Fast forward to 2009 – four years after MaRS opened the doors on its 700,000 sq. ft. complex – and the innovation engine is humming:

More than 2,000 people come to work at the MaRS Centre’s three linked buildings in a mix of research labs, companies of all sizes and professional service providers. Thousands more attend workshops, meetings, conferences and exhibits at the Centre.
Incubator space for emerging companies remains in high demand with a growing list of tenant prospects.
The MaRS team is providing high quality market research and extensive advisory and mentorship services to Ontario-wide entrepreneurs across all sectors, including Information and Communication Technology, Life Sciences and Environmental and Energy Technologies.
The MaRS team also designs and delivers programming for thousands of entrepreneurs through MaRS-branded offerings, including CIBC presents Entrepreneurship 101, Experience!Tech and Peer to Peer Events.

Clean Technologies Will Drive Ontario’s Future Economic Prosperity

A groundbreaking Report on Ontario’s clean technology industry was released today. This first ever study, done by OCETA and the Russell-Mitchell Group, in collaboration with Sustainable Development Technology Canada (SDTC) and the Ontario Government, found that Ontario’s clean technology industry is poised for growth, and is comprised of companies that manufacture, develop and sell competitive products. Despite this promise, these companies face key challenges in becoming globally competitive – including lack of growth capital, weak domestic demand, and a small pool of management experienced in product commercialization.

The Report found that in order for Ontario clean technology companies to capture a greater global market share, they need to increase their spending in product commercialization by between 50 and 100 percent. They also need to be more strategic and intentional about growth.

According to Céline Bak, Partner with the Russell-Mitchell Group, the future looks promising: “There is an opportunity to stimulate the clean technology industry by aggressively implementing made-in-Canada clean technology products within government. The energy savings from these investments could reach billions of dollars creating tens of thousands of jobs. The cost savings achieved by the provincial and federal governments could be reinvested in the clean technology industry to drive global competitiveness”.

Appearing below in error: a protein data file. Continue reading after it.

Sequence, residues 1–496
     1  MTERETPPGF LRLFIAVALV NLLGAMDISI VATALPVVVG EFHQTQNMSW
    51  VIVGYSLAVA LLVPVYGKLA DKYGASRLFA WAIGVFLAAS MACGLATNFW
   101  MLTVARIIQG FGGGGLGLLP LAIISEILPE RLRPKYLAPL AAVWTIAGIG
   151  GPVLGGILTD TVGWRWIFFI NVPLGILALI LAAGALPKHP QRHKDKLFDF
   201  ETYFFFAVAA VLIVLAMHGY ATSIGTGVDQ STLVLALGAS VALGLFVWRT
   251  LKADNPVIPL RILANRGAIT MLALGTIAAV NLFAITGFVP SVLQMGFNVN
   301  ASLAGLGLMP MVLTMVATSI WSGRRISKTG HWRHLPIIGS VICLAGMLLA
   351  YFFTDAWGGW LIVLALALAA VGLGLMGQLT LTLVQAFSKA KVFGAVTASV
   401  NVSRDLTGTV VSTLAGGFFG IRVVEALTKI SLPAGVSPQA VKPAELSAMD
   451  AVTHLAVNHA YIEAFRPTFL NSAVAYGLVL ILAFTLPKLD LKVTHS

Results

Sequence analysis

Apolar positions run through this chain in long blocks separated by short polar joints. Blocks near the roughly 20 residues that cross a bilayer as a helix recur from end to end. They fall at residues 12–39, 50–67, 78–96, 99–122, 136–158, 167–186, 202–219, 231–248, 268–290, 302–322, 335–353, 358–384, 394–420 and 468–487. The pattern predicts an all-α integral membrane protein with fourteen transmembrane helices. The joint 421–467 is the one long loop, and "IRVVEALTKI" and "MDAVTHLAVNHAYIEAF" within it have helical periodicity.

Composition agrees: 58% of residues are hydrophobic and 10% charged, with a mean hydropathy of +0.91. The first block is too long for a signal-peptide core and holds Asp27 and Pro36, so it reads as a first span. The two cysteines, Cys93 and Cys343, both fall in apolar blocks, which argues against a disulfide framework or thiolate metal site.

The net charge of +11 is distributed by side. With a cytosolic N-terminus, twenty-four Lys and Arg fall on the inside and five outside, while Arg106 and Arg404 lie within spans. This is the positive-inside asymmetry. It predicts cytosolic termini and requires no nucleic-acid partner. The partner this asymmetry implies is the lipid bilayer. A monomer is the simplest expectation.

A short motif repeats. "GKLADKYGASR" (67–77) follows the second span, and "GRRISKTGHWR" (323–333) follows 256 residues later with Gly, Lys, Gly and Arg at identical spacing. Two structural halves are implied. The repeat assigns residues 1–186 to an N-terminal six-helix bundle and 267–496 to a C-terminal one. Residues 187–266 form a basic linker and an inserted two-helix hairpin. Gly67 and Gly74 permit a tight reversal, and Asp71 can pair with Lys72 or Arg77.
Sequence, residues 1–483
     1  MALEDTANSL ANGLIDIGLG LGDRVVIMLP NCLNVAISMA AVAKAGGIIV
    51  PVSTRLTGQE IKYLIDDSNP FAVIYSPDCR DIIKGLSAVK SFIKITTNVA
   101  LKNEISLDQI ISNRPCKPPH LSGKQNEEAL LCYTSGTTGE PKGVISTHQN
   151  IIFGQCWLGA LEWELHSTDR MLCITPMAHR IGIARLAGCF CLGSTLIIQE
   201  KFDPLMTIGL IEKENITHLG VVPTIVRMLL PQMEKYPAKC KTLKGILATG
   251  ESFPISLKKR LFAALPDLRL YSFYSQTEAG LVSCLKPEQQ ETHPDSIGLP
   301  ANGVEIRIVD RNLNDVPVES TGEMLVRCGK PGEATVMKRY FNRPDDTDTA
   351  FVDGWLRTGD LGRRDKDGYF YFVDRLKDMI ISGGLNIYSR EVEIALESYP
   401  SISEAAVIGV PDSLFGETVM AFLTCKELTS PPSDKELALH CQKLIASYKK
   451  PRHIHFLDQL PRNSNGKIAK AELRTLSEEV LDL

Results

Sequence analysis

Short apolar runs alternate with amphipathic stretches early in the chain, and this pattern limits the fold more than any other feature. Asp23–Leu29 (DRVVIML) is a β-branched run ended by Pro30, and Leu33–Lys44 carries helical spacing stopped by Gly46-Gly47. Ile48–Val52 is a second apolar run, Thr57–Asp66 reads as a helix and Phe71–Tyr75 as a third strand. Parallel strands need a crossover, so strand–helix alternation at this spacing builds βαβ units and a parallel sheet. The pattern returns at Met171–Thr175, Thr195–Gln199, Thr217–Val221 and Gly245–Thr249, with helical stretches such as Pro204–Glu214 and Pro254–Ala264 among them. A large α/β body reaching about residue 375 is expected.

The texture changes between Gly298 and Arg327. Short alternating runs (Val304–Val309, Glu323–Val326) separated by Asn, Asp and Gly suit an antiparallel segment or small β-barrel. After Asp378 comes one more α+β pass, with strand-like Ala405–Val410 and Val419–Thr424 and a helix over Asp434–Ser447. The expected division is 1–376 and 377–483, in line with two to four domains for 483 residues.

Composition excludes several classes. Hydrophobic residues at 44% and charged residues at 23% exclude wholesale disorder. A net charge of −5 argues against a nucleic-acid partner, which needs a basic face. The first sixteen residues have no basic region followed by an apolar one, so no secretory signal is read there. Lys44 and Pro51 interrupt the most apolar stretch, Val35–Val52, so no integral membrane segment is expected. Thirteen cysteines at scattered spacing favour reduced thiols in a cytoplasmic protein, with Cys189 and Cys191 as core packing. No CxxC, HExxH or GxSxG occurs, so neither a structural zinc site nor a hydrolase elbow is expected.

“Adoption of clean technology solutions reduces the energy needs and other costs of Canadian industry, thereby contributing to their productivity and competitiveness,” said Dr. Vicky Sharpe, President and CEO of SDTC, an arm’s-length, not-for-profit corporation created by the Government of Canada. “The best practices and opportunities outlined in this report will contribute to the future success of the cleantech industry in Ontario, as well as the rest of Canada.”

“Considerable public and private investments in science and technology development have been made in Ontario’s clean technology sector. Now is the time for industry and government to act, capitalize on this investment and accelerate growth of the sector”, said Kevin Jones, President and CEO of OCETA.

“By turning our world-class research into world-class businesses we can become a cleantech powerhouse. We’re committed to continue working with companies that want to compete globally and create good jobs for Ontario families,” said John Wilkinson, Minister of Research and Innovation.

“Encouraging the development and adoption of clean technologies right here in our own province is the right thing to do for our environment – and our economy. Soon, I will be introducing a new Green Energy Act designed to support home-grown innovation, create thousands of green sector jobs and make Ontario a world leader in renewable energy, energy efficiency and conservation,” said George Smitherman, Deputy Premier and Minister of Energy and Infrastructure.

The Report recommends key measures to enhance Ontario’s clean technology industry, including: improving commercialization capacity; creating access to more equity capital; and driving domestic demand. These measures will help make the industry more competitive, create high-paying jobs, and contribute to Ontario’s and Canada’s economic prosperity.

The 2009 OCETA SDTC Cleantech Growth & Go-to-Market Report

Other sponsors and support organizations included: Ogilvy Renault LLP, MaRS Discovery District, Blake, Cassels & Graydon LLP, Export Development Canada, RBC, Department of Foreign Affairs and International Trade, Ontario BioAuto Council, TMX Group Inc., Canada’s Venture Capital & Private Equity Association, National Angel Capital Organization, XPV Capital and Investeco Capital.

Cleantech spending crucial, study says